- Publicaton Date
- May 1983
- Standard Number
- Yale University Press
- 284 pages
Few movements in art have been as persistently ignored and misunderstood as the revolution set in motion in England after the death of Alfred Stevens in 1875. Omitted altogether from art-historical surveys of the period, or variously dispatched as a parochial reflection of France, as the backdrop to Epstein or as the product of one rogue genius, Alfred Gilbert, the New Sculpture has remained mysteriously proof against the recent waves of enthusiasm for Victorian art.
Susan Beattie’s book offers some challenging answers to questions that have been studiously avoided since the 1890s. What was this revolution about? What were the shared objectives that drew artists of widely varying interests and ability together to form a ‘movement’? What is the true relationship of their work and achievement to the Arts and Crafts revival, to French romantic realism, to the late Pre-Raphaelites and the symbolist movement in Europe?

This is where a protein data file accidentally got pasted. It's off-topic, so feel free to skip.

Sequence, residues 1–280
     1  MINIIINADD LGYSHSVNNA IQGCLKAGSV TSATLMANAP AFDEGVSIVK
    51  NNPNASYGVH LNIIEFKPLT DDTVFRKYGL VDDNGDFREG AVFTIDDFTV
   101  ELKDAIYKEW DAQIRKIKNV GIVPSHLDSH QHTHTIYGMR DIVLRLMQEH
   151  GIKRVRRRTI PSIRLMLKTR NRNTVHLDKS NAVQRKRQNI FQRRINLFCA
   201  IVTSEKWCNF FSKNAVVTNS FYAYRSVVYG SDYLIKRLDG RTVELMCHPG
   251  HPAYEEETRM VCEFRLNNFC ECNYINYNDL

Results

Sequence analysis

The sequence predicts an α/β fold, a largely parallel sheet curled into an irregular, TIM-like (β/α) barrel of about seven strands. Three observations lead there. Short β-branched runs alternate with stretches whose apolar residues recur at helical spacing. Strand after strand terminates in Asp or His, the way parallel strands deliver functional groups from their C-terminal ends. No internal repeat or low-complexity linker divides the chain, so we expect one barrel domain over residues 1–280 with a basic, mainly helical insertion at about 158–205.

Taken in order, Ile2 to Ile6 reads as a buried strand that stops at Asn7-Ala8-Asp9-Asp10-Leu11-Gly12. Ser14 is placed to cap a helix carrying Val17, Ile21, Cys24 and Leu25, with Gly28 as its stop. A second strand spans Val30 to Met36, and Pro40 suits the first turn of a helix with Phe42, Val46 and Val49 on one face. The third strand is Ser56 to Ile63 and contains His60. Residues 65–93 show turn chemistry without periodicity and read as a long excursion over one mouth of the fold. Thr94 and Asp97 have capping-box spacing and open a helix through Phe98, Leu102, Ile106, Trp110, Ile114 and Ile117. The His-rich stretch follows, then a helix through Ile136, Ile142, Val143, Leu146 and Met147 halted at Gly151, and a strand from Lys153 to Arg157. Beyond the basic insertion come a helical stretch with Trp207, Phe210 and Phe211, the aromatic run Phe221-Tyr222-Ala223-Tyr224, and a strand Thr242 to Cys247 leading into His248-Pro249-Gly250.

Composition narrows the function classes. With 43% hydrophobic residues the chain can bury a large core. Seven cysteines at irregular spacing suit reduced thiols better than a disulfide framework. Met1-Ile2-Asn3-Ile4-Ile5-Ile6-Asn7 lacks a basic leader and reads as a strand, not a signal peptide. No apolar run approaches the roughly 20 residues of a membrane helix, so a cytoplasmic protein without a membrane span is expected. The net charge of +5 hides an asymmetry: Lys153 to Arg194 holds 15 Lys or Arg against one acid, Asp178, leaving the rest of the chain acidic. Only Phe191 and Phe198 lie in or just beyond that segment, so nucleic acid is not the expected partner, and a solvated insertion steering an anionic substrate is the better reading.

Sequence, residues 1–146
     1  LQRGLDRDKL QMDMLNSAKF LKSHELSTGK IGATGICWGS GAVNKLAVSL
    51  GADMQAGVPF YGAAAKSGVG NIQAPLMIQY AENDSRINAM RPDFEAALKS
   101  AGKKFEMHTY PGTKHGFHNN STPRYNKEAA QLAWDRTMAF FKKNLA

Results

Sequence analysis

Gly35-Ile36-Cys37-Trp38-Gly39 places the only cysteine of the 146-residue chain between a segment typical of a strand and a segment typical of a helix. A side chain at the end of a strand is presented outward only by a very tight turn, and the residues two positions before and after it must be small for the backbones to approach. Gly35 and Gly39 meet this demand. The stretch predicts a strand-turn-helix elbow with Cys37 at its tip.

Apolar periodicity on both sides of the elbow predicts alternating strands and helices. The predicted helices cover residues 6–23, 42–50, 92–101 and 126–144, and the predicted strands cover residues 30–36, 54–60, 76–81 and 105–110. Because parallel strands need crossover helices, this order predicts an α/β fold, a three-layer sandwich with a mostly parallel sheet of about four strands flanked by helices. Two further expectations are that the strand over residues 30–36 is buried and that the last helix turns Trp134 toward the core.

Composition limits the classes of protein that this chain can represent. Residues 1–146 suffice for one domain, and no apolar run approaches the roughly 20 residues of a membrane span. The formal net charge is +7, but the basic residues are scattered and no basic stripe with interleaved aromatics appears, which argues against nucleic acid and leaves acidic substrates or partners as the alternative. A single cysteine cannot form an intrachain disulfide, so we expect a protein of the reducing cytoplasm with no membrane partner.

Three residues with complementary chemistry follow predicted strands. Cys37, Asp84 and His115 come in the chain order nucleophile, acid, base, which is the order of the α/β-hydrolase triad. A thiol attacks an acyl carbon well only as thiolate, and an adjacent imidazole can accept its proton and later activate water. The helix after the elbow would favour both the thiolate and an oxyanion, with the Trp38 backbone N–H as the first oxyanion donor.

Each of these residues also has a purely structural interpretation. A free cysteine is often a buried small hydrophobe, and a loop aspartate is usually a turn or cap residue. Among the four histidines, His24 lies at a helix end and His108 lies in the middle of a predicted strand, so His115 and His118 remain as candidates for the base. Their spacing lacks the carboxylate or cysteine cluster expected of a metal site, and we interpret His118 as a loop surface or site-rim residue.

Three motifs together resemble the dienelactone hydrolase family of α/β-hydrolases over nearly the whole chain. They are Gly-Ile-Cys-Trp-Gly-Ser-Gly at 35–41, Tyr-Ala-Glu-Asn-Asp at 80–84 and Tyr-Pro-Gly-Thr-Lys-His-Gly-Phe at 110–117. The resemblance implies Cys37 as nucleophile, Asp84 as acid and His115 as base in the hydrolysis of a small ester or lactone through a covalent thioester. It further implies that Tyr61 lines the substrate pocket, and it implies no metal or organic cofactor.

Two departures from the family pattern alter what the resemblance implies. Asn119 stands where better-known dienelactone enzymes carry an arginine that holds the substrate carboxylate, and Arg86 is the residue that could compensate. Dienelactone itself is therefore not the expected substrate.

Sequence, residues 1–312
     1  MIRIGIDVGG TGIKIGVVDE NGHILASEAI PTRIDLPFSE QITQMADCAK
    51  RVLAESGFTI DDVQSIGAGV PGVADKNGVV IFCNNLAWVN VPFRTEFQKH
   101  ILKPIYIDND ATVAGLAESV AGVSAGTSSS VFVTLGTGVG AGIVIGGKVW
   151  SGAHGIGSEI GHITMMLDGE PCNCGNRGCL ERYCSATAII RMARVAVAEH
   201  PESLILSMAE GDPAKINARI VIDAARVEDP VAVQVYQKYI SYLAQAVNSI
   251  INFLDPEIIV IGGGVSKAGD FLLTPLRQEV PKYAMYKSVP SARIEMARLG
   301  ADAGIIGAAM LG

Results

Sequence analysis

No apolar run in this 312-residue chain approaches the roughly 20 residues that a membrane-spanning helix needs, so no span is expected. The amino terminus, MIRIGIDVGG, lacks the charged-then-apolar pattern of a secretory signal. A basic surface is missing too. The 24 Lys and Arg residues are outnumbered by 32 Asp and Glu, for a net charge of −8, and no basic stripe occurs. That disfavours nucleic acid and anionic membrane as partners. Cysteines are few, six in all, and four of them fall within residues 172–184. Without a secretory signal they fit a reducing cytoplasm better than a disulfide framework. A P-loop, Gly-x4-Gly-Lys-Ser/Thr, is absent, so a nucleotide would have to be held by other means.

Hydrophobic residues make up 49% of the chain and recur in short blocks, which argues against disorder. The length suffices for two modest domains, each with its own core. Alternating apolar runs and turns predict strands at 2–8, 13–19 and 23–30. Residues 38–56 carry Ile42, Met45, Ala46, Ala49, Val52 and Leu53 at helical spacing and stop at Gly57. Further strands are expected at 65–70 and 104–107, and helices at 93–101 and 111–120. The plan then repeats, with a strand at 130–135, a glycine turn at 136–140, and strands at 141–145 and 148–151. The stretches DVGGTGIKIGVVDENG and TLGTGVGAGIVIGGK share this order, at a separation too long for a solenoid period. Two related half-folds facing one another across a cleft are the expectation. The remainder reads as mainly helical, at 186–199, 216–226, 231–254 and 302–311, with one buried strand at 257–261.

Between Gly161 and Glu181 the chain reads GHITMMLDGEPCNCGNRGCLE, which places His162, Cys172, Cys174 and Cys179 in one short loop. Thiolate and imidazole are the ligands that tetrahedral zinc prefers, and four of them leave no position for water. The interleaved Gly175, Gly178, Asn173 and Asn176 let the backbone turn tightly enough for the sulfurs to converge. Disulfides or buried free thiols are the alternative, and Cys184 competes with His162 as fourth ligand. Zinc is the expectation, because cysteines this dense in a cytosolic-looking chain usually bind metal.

Introducing a wealth of new material, Dr Beattie describes the background of education from which the New Sculptors emerged, and the four key areas of work upon which they turned their passionate desire for change – architectural decoration, the ideal figure, the statuette and the public monument. She shows how, in collaborating with architects and in promoting the idea of the mass-produced art-object, the fought free of the stifling elitism of the mid-nineteenth century; how, in taking as their subject matter, not conventional allegory and its pretentious abstractions, but the human psyche, they introduced symbolist imagery into sculpture for the first time. Gilbert is revealed, not as a lone giant, but as co-worker with Harry Bates and George Frampton, Hamo Thornycroft, Alfred Drury and others (including a remarkable group of women sculptors) in an unprecedented campaign to redefine the nature of their art and its role in society.